There are many ways to customize a ASP.NET Dynamic Data site, which can sometimes be a bit overwhelming to newcomers. Before deciding what customization makes sense for you, it is important to understand the two major buckets that they fall into:
They can both very useful depending on your scenario, but it is important to understand how they are different in order to make the right choices. The rule of thumb is that you want to stay in the world of generic customization whenever possible, and only use the schema specific customization when you have to. Doing this will increase reusability and decrease redundancy.
We’ll now look at each in more details.
Generic customization includes everything that you can do without any knowledge of the database schema that it will be applied to. That is, it’s the type of things that you can write once and potentially use without changes for any number of projects. It lets you achieve a consistent and uniform behavior across an arbitrarily large schema, without needing to do any additional work every time you add or modify a table.
Here are some key types of generic customization:
Under the ~/DynamicData/PageTemplates folder, you’ll find some default Page Templates like List.aspx and Edit.aspx. If you look at them, you won’t find any references to a specific table/column. Instead, they define the general layout and look-and-feel of your pages in an agnostic way.
e.g. if you look at List.aspx, you’ll see a GridView and a LinqDataSource (or EntityDataSource with Entity Framework), but the data source doesn’t have any ContextTypeName/TableName attributes, and the GridView doesn’t define a column set. Instead, all of that gets set dynamically at runtime based on what table is being accessed.
You can easily make changes to these Page Templates, such as modifying the layout, adding some new controls or adding logic to the code behind. It’s a ‘normal’ aspx page, so you can treat is as such, but you should never add anything to it that is specific to your schema. When you feel the need to do this, you need to instead create a Custom Page (see below).
Under the ~/DynamicData/FieldTemplates folder, you’ll find a whole bunch of field templates, which are used to handle one piece of data of a given type. e.g. DateTime_Edit.ascx handles DateTime columns when they’re being edited.
As is the case for Page Templates, Field Templates should always be schema agnostic. That is, you don’t write a field template that’s only meant to handle a specific column of a specific table. Instead, you write a field template that can handle all columns of a certain type.
For example, in this post I describe a field template that can handle Many To Many relationships. It will work for any such relationship in any schema (though it is Entity Framework specific).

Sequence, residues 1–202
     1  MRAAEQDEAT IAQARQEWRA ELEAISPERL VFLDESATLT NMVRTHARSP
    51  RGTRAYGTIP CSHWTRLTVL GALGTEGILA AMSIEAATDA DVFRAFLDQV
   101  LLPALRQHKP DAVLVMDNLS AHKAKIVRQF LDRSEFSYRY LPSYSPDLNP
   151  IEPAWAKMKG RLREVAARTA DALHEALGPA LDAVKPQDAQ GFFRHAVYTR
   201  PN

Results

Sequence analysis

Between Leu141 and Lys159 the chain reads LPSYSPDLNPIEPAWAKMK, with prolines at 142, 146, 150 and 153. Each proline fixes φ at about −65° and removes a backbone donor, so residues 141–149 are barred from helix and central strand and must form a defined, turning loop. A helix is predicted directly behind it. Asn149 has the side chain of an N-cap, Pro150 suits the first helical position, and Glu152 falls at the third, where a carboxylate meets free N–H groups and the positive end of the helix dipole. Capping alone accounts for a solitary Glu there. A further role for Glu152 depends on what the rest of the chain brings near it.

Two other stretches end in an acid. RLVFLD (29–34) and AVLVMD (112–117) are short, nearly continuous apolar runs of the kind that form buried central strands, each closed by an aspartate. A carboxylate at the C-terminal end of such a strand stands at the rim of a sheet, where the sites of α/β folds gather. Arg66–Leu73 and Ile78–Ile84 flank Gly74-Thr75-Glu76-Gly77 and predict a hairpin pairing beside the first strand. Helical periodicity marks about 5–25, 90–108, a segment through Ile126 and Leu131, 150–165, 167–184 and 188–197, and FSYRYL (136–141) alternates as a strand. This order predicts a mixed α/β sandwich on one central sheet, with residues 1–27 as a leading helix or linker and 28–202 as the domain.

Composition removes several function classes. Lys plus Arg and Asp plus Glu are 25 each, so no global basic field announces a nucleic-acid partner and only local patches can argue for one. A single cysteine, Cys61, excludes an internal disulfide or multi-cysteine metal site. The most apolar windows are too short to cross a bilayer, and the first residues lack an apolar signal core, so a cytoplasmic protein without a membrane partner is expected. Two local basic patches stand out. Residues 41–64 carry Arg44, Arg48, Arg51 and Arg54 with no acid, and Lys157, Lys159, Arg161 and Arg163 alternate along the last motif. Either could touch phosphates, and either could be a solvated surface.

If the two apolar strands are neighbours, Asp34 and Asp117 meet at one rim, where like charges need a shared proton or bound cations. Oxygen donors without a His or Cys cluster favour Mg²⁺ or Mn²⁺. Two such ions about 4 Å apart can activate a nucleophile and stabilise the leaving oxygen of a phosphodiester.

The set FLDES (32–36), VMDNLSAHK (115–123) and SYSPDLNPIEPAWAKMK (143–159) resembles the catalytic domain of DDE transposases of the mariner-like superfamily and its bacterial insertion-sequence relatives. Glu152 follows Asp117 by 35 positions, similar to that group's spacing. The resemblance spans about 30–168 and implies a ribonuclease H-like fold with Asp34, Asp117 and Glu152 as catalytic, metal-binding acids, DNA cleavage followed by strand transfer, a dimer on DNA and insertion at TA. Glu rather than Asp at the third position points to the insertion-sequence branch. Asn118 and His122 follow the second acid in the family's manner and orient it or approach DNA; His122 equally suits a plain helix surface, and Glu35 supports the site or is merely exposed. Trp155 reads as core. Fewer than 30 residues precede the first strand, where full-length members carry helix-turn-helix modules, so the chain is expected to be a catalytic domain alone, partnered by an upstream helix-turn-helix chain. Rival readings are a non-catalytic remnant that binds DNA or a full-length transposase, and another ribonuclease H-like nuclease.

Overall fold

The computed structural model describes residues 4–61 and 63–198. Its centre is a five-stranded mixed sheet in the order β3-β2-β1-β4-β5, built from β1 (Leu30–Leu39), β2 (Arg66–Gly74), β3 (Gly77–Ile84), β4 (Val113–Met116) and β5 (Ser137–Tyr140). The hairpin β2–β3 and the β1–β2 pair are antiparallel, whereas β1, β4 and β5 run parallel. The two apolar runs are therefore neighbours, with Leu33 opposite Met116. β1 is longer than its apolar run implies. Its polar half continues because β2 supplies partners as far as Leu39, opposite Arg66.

Under Page Template above, I mentioned that the GridView didn’t specify a column set. Instead, the way it works is that there is something called a Field Generator which comes up with the set of columns to use for the current table.
The idea is that the Field Generator can look at the full column set for a table, and use an arbitrary set of rules to decide which one to include, and in what order to include them. e.g. it can choose to look at custom model attributes to decide what to show.
Steve Naughton has a great post on writing a custom field generator, so I encourage you to read that for more info on that topic.
Any time you make a customization that is specific to a certain table or column, you are doing schema specific customization. Here are the main type of things you can do:
When you want to have a very specific look for a certain page (e.g. for the Edit page for your Product table), a generic Page Template will no longer do the job. At that point, you want to create a Custom Page. Those live under ~/DynamicData/CustomPages/[TableName]. e.g. to have a custom page to edit products, you would create a ~/DynamicData/CustomPages/Products/Edit.aspx.
You can start out with the custom page being an identical copy of the page template, but then you can start making all kind of schema specific changes. For instance, you could define a custom <Fields> collection in the DetailsView, at which point you no longer rely on the Field Generator (discussed below). Taking this one step further, you can switch from a DetailsView into a FormView (or ListView), giving you full control over the layout of the fields.
Another very important type of schema specific customization is model annotation. This is what most introductory Dynamic Data demos show, where you add CLR attributes to the partial class of your entity classes.
For instance, you can add a [Range(0, 100)] attribute to an integer field to specify that it should only take values between 0 and 100. Dynamic Data comes with a number of built-in annotation attributes, and you can easily build your own to add news ways to annotate your model.
The general idea here is that it is cleaner to add knowledge at the model level than to do it in your UI layer. Anything that you can add to describe your data in more details is a good fit for model annotations.
All of the different types of customization that I describe above have useful scenarios that call for them. My suggestion is to get a good understanding of what makes some of them Generic while others are Schema Specific, in order to make an informed decision on the best one to use for your scenarios.